Capitalizing on that - for charitable purposes - Historic Royal Palaces, the charity which runs several royal abodes,
including Kensington Palace where William, Kate and their children call home, has released a coloring book
Colour In Kate which boasts 31 pages of some of Kate’s most memorial events.
"A truly royal coloring book for girls of all ages to complete and create. Filled with beautiful, partially colored
illustrations of Catherine, Duchess of Cambridge in some of her most stylish outfits, girls can customize
Kate's wardrobe by adding color and pretty patterns of their own. From taking to the water on the royal barge
for the Queen's Jubilee or attending a glamorous charity dinner, to watching athletes compete at the Olympic Games
or taking Lupo the puppy for a walk in the park, there are outfits for every occasion."
There is even a coloring page which includes Prince William alongside his Duchess, pictured in Honiara,
A spokesperson for Historic Royal Palaces said: “We stock a wide variety of products for all ages in our palace shops
and online. Our range celebrates the history of the palaces in our care and the public lives of their royal residents.”
Having been there, the gift shop at Kensington Palace is the most modern and youthful of all the palace gift shops,
featuring the best selection of stylish souvenirs. Many of the jewelry pieces are based upon what
Prince William's mother, Princess Diana, wore. The coloring book ought to do quite well.
The coloring book, published by Buster Books, retails for £5.99 or about $7.48.
You can purchase a copy of Colour In Kate from the Historical Royal Palaces website.
SIR ELTON JOHN AND DAVID FURNISH host their annual Oscar viewing party
February 26, 2017 at West Hollywood Park in West Hollywood, CA.
This hot ticket event raises money for the Elton John AIDS Foundation. The menu will be created by chef
Gordon Ramsay. The e
live telecast of the 89th Academy Awards will be followed by a live auction conducted by Alexander Gilkes of Paddle8,
and exclusive musical performances by St. John and the Broken Bones, led by dynamic front man Paul Janeway.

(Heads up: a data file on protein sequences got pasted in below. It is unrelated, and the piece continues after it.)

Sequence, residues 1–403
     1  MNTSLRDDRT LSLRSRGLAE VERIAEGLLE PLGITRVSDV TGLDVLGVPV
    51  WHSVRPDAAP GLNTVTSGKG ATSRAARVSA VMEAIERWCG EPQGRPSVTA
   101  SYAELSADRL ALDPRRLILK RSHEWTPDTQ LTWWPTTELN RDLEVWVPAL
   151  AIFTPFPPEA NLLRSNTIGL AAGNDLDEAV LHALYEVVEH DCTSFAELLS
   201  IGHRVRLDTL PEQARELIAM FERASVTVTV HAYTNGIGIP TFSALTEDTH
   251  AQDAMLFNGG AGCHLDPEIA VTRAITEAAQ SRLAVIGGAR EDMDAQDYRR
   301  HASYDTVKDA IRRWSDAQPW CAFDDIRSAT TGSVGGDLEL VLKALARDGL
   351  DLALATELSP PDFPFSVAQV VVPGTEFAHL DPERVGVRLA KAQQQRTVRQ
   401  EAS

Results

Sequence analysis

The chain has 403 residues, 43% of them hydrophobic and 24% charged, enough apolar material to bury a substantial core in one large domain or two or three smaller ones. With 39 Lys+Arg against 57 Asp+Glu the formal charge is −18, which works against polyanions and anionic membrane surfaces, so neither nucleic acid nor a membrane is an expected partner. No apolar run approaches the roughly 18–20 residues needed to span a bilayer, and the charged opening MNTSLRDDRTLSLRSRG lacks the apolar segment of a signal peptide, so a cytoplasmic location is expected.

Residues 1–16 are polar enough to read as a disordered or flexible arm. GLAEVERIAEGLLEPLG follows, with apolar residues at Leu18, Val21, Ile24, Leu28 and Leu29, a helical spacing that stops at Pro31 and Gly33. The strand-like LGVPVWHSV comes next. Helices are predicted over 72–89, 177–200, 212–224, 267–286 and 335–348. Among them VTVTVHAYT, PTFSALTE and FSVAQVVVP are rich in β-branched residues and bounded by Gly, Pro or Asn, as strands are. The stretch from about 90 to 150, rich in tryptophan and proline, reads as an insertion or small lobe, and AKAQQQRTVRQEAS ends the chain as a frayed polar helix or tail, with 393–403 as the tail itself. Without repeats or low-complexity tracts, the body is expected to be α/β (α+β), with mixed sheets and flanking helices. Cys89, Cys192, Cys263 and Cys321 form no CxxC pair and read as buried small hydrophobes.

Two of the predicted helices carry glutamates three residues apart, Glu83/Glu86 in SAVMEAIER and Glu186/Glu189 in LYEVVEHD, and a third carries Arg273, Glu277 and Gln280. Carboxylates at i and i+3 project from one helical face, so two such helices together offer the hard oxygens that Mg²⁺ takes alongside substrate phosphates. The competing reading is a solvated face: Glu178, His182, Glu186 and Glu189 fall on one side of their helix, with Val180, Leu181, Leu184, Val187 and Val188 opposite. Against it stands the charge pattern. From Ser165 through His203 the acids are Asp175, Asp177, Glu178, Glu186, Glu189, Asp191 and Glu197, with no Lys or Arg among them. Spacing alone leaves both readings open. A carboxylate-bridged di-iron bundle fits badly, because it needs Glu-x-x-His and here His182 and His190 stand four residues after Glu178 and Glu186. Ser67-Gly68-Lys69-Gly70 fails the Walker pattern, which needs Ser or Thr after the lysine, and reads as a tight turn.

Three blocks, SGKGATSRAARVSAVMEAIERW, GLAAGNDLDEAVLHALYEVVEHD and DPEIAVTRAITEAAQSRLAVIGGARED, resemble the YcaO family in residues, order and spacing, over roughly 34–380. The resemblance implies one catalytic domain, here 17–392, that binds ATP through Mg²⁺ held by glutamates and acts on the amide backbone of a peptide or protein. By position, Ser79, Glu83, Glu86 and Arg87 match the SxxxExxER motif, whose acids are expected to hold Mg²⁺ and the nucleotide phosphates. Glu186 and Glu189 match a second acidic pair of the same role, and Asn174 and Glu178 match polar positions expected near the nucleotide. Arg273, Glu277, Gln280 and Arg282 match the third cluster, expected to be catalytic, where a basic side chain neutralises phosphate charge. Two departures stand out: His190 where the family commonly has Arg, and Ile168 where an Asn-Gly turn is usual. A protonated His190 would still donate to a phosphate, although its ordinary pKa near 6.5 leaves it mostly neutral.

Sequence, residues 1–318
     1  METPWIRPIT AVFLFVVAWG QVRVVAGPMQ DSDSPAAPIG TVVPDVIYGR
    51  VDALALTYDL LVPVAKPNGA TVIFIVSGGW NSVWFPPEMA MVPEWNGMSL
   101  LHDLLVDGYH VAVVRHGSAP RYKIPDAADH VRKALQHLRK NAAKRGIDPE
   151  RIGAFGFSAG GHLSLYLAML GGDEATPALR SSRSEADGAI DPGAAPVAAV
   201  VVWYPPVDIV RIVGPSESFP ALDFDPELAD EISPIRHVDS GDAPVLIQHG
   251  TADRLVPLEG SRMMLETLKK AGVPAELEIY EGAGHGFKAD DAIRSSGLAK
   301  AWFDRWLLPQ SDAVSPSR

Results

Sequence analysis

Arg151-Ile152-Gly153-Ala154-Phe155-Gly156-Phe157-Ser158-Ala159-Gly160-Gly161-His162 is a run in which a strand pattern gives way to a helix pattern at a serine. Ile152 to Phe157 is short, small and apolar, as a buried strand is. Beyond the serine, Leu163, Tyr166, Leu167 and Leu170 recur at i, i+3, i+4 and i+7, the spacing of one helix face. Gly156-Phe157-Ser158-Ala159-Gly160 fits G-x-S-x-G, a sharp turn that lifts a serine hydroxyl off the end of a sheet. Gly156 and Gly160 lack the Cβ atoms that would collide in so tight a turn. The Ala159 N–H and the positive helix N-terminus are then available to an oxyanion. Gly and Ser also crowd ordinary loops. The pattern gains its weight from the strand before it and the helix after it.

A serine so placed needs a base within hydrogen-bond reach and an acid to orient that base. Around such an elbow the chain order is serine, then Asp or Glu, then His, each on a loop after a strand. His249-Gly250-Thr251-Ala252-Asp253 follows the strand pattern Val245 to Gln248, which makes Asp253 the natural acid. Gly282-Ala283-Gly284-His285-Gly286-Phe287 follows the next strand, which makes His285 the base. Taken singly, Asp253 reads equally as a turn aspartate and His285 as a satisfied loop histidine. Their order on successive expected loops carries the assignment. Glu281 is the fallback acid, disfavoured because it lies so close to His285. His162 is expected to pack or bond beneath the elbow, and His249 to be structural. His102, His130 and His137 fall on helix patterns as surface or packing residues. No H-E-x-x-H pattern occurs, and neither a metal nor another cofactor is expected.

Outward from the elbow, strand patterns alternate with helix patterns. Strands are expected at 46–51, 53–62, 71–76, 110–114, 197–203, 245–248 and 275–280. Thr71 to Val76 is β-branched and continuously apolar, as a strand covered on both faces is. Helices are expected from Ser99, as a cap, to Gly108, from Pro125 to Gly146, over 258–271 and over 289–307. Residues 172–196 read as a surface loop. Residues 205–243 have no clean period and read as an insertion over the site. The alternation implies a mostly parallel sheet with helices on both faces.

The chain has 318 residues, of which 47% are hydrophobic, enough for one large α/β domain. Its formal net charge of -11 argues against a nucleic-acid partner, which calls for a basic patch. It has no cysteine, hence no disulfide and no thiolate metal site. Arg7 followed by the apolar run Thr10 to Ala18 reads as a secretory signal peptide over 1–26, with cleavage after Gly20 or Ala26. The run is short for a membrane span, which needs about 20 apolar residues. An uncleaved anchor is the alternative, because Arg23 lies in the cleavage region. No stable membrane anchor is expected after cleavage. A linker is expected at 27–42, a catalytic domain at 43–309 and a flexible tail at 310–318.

This year’s event co-chairs are Mahershala Ali, Tim and Jane Allen, Alessandra Ambrosio, Beck, Carrie Brownstein,
Naomi Campbell, Jim Carrey, Ciara, Chris Colfer, John Demsey, Jennifer Kelly Dominiquini, Michael Douglas,
Ava DuVernay, Stéphane Gerschel, Fin Gray and Michael Melnick, Miranda Harper, Luke Hemsworth, Tommy Hilfiger,
Gaby Hoffmann, Stephanie Horbaczewski, Diana Jenkins, Caitlyn Jenner, Quincy Jones, Heidi Klum, Beyoncé Knowles-Carter,
Diana Krall and Elvis Costello, Ryan Kwanten, Padma Lakshmi, Amy Landecker, Fred Latsko, Shelley Lazar,
Sandra Lee, Jared Leto, Judith Light, Eugenio Lopez, Rob and Sheryl Lowe, Eric and Janet McCormack,
Joe McMillan, Lea Michele, Matthew Morrison, Daniel Paltridge, Katy Perry, Tyler Perry,
Andrew Rannells, Issa Rae, Tracee Ellis Ross, Zoë Saldana, Jane Seymour, Steve Sims, Kevin Spacey,
Britney Spears, Sharon Stone, Steven Tyler, and Denzel and Pauletta Washington.
Over the past quarter century, this annual event has raised more than $56 million.,
These funds help the Foundation to make a real difference in the lives of people at risk for or
living with HIV/AIDS, including urgently needed medical care in the Caribbean,
innovative treatment and prevention programs in the Southern United States,
and national initiatives addressing the HIV/AIDS epidemic in the United States, Canada, and Latin America.
BROADWAY BELTS FOR PFF!
a benefit for the Pulmonary Fibrosis Foundation, hosted by Broadway’s Julie Halston.
Directed by Carl Andress. Performances by Stephanie J. Block, Mandy Gonzalez, Mario Cantone,
Robert Creighton and Randy Graff.
Monday February 27, 2017 at the Edison Ball Room in New York City.
The event raises money to fight Pulmonary Fibrosis, an unforgiving, progressive disease involving scarring in the
With no cure, many live only two or three years after diagnosis. There is no known cure for PF.
This one-of-a-kind evening of Broadway stars performing some of their favorite songs began as a tribute to Michael
Kuchwara, the beloved Broadway theater critic of the Associated Press, who died suddenly of pulmonary fibrosis in 2010.